Does Face ID work with glasses
Learn about Face ID's advanced technology
Learn how Face ID can help protect the data on your iPhone and iPad Pro.
Many aspects of our digital life are stored on the iPhone and iPad, and it is important to protect this information. Just as Touch ID revolutionized authentication using fingerprints, Face ID revolutionized authentication using facial recognition. With the help of the state-of-the-art TrueDepth camera system and its advanced technologies, which allow an exact mapping of the geometry of your face, Face ID enables intuitive and secure authentication.
A quick glance at the display is enough for Face ID to securely unlock the iPhone or iPad Pro. You can also use Face ID to authorize purchases from the iTunes Store, the App Store, and Apple Books, and to authorize payments with Apple Pay. Developers may even allow you to sign in to their apps with Face ID. Apps that support Touch ID automatically support Face ID as well.
Face ID is available on iPhone X and later and iPad Pro models with the A12X Bionic chip.
The technologies behind Face ID are some of the most innovative hardware and software we have ever created. The TrueDepth camera captures accurate facial data by projecting and analyzing over 30,000 invisible points to create a depth map of the face. It also records an infrared image of your face. Part of the neural engine of the A11, A12 Bionic, A12X Bionic and A13 Bionic chips - protected by the Secure Enclave - converts the depth map and the infrared image into a mathematical representation and compares this representation with the registered facial data.
Face ID automatically adapts to changes in your appearance, e.g. B. on applied makeup or beard growth. Does your appearance change significantly, e.g. For example, by shaving off a beard, Face ID can confirm your identity via your code before it updates your face data. Face ID was developed in such a way that it also works with hats, scarves, glasses, contact lenses and many sunglasses that are worn. In addition, it works indoors, outdoors, and even in complete darkness.
To use Face ID, you must first register your face. You can do this during the initial setup process or later by going to Settings> Face ID & Passcode. To unlock your device with Face ID, just look at it. For Face ID, the TrueDepth camera must be able to capture your face, regardless of whether the device is lying on a surface or whether you are holding it in a natural position in your hand. The TrueDepth camera has a field of view similar to that used when taking a photo or making a FaceTime call with the front camera. Face ID works best when you hold the device within arm's length from your face (10 to 20 inches from your face).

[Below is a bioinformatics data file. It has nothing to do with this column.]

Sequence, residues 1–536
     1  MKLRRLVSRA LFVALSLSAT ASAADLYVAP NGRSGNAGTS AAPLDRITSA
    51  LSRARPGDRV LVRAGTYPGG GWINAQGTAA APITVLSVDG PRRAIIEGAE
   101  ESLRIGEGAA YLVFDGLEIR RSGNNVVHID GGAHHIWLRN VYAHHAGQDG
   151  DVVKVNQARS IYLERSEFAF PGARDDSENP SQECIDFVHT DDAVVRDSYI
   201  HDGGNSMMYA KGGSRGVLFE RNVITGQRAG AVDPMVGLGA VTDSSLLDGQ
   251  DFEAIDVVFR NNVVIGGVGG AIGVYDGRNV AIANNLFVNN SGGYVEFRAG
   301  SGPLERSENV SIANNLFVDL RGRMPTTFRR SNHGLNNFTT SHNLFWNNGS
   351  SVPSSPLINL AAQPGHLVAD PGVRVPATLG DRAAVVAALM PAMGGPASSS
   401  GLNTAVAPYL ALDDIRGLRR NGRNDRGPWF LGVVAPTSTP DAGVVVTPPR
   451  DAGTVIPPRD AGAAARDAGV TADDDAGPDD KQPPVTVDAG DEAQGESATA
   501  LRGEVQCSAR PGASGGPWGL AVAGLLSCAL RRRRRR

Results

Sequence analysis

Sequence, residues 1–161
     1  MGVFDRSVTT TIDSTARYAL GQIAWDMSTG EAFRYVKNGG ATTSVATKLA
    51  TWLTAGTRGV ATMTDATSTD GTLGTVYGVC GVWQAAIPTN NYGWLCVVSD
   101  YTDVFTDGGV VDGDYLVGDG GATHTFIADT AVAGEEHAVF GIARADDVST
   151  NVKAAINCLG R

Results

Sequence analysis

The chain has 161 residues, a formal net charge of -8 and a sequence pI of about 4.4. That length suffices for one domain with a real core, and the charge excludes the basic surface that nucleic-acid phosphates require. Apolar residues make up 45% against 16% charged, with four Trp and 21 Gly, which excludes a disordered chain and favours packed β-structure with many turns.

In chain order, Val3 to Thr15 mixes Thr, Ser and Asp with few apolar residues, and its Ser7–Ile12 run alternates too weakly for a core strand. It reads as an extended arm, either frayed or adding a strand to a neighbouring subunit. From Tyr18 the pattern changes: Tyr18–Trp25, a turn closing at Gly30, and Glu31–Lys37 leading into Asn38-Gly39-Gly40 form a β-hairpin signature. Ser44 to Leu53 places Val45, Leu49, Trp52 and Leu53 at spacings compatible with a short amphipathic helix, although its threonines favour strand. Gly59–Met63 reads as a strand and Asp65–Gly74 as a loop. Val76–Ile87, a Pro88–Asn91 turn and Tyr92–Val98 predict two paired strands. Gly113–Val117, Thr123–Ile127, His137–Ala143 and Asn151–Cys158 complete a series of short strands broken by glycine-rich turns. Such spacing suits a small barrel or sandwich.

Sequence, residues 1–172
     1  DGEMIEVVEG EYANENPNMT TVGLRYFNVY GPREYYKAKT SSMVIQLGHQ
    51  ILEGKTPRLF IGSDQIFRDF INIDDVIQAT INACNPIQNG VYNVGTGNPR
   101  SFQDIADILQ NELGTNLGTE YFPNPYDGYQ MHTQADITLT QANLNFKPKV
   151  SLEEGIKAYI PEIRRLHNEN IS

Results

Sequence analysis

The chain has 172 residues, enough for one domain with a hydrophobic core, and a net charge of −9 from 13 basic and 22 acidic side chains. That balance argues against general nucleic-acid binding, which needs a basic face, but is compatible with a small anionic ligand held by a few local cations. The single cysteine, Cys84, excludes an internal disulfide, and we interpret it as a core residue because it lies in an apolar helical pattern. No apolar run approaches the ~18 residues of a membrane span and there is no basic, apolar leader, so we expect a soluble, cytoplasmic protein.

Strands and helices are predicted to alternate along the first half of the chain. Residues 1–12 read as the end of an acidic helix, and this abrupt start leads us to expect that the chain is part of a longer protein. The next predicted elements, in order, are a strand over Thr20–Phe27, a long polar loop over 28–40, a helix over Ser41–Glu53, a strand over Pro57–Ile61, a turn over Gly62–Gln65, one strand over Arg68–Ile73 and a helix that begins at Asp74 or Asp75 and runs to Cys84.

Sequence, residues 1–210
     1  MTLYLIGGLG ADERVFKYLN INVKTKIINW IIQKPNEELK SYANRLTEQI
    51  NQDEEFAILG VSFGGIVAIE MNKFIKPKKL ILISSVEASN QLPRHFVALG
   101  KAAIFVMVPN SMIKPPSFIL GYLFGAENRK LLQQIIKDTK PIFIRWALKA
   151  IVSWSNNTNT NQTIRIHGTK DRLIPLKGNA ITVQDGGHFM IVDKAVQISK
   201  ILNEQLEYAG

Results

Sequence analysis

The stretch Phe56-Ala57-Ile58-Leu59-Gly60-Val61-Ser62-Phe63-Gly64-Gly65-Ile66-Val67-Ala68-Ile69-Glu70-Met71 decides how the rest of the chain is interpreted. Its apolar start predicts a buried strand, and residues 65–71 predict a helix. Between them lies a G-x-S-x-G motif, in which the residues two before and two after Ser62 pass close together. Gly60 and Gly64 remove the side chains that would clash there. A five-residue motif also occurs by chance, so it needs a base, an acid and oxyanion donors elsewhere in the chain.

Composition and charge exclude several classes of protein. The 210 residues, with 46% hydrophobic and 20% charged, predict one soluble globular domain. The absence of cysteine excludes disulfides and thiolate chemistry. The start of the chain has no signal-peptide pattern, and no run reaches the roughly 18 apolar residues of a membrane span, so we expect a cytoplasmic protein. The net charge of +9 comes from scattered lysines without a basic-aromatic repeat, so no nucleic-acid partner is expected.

The TrueDepth camera is activated intelligently, such as tapping to wake up the screen, an incoming message waking up the screen, or lifting to wake up your iPhone. Every time you unlock your device, the TrueDepth camera recognizes you by capturing accurate depth data and an infrared image. This data is compared with the stored mathematical representation in order to carry out the authentication.
Security is paramount for all of us so that the data on our devices is protected. We have taken some important measures to protect your data - just like we did with Touch ID. To achieve a secure authentication solution, Face ID uses the TrueDepth camera and machine learning. Face ID data - including mathematical representations of your face - is encrypted and protected with a key that is only available in the Secure Enclave.
The probability that a random person in the population can look at your iPhone or iPad Pro and unlock it with Face ID is around 1 in 1,000,000 with a registered appearance. As an additional measure of protection, Face ID only allows five unsuccessful attempts before a code is requested. The statistical probability is different for twins and siblings who look very similar to you, as well as for children under the age of 13, because their facial features have not yet been fully developed. If you have any concerns about this, you should use a code for authentication.
Face ID compares it with depth data that cannot be found on printed or digital two-dimensional photos. And thanks to the sophisticated anti-spoofing neural networks, attempts at fraud using masks or other techniques are detected. Face ID even determines if you're paying attention by checking that your eyes are open and your attention is focused on the device. This makes it more difficult for others to unlock your device without your knowledge (for example, when you are sleeping).